I often get quite annoyed when the topic of forgiveness comes up. I am afraid this leads people to the false conclusion that I don’t believe in forgiveness. Actually, I think it’s a beautiful thing. What I object to is what I view as our culture’s misunderstanding of it. To illustrate, here is something I wrote awhile ago, in a fit of frustration:
I am not Dorothy. This is not Oz, and forgiveness is not a pair of magic ruby slippers that will take me home. Why is this concept so hard for people to understand? Maybe I am the one that does not get it. Perhaps having a happy childhood where you feel loved and secure gives you the power to believe in fairy tales, unicorns and four-leaf clovers. People talk about forgiveness as if it is Aladdin’s lamp–just say “I forgive” and peace will instantly come into your heart and all your troubles will fall away. I forgive okay? I forgive a thousand times over if that will make the pain go away. I will do it. I FORGIVE So why don’t I feel better?
Therein is my frustration. Now let me illustrate how it can be beautiful.
When my mother died, I felt angry, very angry.
I’m tempted to tell you why I was so angry so that you will see my point of view and not think I am a heel. But I’m going to resist. It’s all behind us now, no point in rehashing it. I hope you will trust me–I’ll leave it at that.
Remember the movie Ghost with Patrick Swayze? I imagined something like that, my Mom’s ghost watching me and I ranted and raved and told her all the things I couldn’t tell her when she was alive. The day before I left for the funeral, I spent time in therapy ranting some more.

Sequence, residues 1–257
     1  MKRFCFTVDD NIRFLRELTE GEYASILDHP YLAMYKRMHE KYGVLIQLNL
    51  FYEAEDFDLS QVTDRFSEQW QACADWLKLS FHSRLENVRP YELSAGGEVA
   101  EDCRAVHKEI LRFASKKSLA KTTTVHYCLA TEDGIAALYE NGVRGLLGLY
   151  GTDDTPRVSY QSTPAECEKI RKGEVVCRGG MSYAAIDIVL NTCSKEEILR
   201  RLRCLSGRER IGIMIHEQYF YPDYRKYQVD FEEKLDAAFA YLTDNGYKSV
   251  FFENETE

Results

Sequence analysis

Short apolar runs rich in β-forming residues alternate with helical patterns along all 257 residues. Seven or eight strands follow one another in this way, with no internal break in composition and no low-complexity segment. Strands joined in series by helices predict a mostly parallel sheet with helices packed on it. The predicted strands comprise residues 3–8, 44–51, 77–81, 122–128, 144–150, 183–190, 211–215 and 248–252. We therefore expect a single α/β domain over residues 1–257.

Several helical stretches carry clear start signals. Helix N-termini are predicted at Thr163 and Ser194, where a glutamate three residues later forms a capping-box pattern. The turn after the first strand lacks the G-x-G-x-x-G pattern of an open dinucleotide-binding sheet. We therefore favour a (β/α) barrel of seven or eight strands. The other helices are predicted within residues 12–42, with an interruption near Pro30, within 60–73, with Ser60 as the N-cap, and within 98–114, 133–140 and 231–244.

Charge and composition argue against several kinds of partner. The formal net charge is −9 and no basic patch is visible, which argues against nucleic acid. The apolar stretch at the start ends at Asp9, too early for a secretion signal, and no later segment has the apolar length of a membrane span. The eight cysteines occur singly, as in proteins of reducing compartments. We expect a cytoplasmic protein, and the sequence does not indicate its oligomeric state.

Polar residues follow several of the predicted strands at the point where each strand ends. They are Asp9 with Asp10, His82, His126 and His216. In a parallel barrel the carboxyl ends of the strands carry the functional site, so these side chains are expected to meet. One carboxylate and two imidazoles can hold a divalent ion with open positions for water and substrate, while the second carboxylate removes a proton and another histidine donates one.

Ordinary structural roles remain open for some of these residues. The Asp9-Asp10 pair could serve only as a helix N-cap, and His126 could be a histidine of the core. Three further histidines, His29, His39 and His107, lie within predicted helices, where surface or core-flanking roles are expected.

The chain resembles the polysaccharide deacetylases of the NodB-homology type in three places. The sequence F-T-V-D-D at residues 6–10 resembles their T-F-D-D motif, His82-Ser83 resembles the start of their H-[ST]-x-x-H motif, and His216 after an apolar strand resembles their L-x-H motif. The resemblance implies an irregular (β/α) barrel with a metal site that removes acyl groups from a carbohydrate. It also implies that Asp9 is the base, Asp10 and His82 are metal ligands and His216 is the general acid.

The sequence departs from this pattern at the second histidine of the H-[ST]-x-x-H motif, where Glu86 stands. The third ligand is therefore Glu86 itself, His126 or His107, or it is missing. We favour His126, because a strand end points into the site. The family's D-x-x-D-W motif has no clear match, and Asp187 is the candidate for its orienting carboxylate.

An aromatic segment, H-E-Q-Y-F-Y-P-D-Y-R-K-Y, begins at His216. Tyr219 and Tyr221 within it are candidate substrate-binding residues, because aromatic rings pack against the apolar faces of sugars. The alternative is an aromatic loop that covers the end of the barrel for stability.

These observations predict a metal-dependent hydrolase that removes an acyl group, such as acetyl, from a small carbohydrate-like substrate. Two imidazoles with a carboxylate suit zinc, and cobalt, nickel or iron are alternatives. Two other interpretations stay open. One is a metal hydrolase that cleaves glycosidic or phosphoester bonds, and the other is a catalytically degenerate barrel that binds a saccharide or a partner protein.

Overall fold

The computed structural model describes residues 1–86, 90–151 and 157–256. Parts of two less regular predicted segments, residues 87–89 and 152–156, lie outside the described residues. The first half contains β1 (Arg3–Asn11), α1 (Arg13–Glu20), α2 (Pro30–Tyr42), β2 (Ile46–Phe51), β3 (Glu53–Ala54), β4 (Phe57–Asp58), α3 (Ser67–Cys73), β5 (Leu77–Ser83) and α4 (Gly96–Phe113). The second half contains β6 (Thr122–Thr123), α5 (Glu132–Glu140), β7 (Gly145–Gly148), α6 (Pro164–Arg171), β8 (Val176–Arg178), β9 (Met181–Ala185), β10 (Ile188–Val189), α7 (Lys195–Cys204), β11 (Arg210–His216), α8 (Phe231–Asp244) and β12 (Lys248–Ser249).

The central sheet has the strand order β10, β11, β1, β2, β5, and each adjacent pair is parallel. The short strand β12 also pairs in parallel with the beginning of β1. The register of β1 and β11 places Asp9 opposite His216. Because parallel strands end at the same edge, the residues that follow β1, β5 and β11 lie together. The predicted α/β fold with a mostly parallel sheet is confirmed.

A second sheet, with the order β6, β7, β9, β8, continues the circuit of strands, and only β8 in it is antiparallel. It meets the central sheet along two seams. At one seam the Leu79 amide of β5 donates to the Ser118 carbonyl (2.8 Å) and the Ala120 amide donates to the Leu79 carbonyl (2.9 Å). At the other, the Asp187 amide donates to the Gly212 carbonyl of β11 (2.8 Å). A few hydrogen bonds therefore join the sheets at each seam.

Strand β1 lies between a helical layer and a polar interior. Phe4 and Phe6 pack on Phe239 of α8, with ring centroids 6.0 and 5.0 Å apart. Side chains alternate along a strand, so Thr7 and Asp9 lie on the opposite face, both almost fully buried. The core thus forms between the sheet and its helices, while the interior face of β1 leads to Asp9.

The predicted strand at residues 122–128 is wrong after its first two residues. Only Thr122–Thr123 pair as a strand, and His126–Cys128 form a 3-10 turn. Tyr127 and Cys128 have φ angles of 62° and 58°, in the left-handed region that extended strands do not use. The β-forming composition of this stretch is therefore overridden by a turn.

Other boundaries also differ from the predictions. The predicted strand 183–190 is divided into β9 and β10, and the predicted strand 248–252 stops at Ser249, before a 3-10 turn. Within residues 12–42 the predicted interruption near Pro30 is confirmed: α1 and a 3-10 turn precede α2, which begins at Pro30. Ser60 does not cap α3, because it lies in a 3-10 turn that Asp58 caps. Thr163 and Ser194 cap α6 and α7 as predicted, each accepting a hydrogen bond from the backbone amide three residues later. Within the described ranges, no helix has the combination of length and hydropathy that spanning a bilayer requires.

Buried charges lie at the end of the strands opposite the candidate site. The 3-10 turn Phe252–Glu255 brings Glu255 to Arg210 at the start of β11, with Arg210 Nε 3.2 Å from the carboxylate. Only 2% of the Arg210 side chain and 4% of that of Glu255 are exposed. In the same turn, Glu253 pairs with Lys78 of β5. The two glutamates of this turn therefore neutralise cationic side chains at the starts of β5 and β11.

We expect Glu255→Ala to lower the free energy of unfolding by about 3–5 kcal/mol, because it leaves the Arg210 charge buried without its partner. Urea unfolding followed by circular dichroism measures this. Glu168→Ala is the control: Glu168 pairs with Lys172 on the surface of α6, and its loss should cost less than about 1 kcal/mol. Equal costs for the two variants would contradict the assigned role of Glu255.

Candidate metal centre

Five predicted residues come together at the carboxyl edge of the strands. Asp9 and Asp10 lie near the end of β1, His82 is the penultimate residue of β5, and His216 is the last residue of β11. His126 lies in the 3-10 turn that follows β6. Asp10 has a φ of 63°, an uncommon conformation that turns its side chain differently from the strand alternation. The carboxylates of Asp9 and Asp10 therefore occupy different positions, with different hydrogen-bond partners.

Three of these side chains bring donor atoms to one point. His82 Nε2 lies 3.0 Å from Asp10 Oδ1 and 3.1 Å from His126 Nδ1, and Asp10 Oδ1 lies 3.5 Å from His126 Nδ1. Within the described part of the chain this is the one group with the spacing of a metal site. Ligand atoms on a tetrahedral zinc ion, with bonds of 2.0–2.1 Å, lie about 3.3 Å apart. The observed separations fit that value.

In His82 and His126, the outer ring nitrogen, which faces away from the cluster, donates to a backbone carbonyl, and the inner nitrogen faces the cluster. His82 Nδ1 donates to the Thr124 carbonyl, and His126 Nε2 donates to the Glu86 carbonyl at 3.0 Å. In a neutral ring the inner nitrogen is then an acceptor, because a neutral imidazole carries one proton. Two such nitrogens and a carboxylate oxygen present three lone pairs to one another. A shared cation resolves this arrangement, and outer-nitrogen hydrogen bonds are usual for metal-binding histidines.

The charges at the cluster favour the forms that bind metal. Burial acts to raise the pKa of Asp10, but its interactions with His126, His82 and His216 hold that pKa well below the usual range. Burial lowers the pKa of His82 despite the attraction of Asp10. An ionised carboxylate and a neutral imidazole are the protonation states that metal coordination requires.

Then Wednesday, I got on a plane to fly home. As I sat there contemplating the days ahead, I made a startling revelation. I wasn’t angry any more. All the anger, i.e. the pain–was gone.
I want to make this point perfectly clear . . . I did not consciously “let it go”. It let me go. I simply didn’t feel the anger and pain anymore. I think what happened was that all my life, I felt a need to protect my mother. I couldn’t tell her how I really felt. So when she died, I finally allowed myself to feel the anger and let it out. Because I did that, the anger was resolved (buried feelings don’t die). At last, my anger was gone, the pain was gone, and I felt peace.
And because I felt peace, I forgave my mother.
This is how (in my saner moments) I always thought forgiveness would happen. Exhibit A is my post Forgiveness is Not a Magic Bullet. In that post, I shared a story from the Old Testament about David, Nabal and Abigail. In short, David and a group of men were working for Nabal protecting his sheep from highway men (robbers) for a pre-determined fee. However, when it came time to pay the fee, Nabal pretended he had never made the agreement.
David gathered his men and made a plan to march on Nabal’s house and seek their revenge. While they were on the way, Nabal’s wife, Abigail met them on the road. She gave them everything that Nabal had agreed to pay them, and then asked them to forgive HER. David and his men accepted her offering. In this story, Abigail is a “type” of Christ. Like Abigail, He comes to us, and heals the wounds that other’s sins have caused us and then asks us to forgive Him.*
Notice that the debt was paid, and the wound healed, BEFORE forgiveness was requested. This is how it happened for me. I could not heal until I worked through those feelings. Denial based forgiveness does not work. I needed to have the freedom to express my feelings and work through them. Then I could see the gifts that the Lord has given me to replace what I had lost. Peace filled in the empty space where anger used to lie.
Forgiveness IS a beautiful thing.
Photo Attribution here
*Many thanks to author James Ferrel who illuminated this scripture for me in his book, The Peacegiver.